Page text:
A town mayor who said Boris Johnson “completely deserves this” after he was hospitalised with Covid-19 has lost her job at a law firm.
Sheila Oakes, who is mayor of Heanor in Derbyshire and a district councillor, posted the comment on Facebook on Monday night.
Replying to a message calling for people to say a prayer for the Prime Minister, she wrote: “Sorry, he completely deserves this and he is one of the worst PMs we’ve ever had.”
Following her comments, Amber Valley Labour group withdrew the party whip from the councillor, saying a “full investigation” would take place in due course.
Ms Oakes’ remarks have also now cost her her job at solicitors VHS Fletchers, where she had been working as a paralegal.
The law firm, which has offices across Nottinghamshire and Derbyshire in the East Midlands, said it had taken “swift and decisive action” after becoming “embroiled” in the row.
In a statement, Ms Oakes’ former employer said: “On Monday evening Sheila Oakes, a paralegal at our Ilkeston office and also Mayor of Heanor posted deeply offensive remarks relating to the Prime Minister’s current state of health on Facebook.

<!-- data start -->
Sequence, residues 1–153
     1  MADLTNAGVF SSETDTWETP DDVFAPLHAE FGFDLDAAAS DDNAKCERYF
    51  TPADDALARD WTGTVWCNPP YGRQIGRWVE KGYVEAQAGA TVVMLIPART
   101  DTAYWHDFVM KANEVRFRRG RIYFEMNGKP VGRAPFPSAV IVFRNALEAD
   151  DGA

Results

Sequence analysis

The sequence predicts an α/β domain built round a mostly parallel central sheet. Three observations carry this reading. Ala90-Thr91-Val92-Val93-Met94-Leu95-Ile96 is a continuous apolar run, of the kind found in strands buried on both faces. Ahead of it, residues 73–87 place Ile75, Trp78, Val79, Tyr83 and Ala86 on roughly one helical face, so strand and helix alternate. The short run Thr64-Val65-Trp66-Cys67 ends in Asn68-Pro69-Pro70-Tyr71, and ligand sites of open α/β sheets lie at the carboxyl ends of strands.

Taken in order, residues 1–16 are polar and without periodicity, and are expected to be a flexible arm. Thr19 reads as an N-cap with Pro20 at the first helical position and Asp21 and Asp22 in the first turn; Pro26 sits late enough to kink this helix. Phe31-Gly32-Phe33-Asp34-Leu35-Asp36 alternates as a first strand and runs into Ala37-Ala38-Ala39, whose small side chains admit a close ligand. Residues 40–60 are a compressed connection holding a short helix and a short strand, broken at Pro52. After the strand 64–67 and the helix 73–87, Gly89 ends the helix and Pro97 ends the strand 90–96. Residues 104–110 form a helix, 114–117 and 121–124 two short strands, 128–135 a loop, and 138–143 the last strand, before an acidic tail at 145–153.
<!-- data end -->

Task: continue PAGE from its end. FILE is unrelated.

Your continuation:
“We can confirm that as of now Ms Oakes is no longer employed by this firm in any capacity.
“We have no knowledge of what her intentions are in relation to her political career.”
The statement added Ms Oakes’ stated views were “not shared by the partners or any other members of staff”.
“To wish illness upon anyone must be abhorrent to all right thinking members of the public,” the firm said.
“We are acutely aware of the distress that such posts can cause, both to the family and friends of the Prime Minister, but also to all of those affected by this terrible virus.”
The firm also urged people to “show restraint” before making online posts.
“Our experience shows the hurt and upset that such posts can cause,” it said.
The statement concluded: “The partners hope that our actions have clearly demonstrated that we will never condone such sentiments or activity on social media or elsewhere and that the activities of an individual no longer employed by the firm will not reflect badly on the remaining staff.”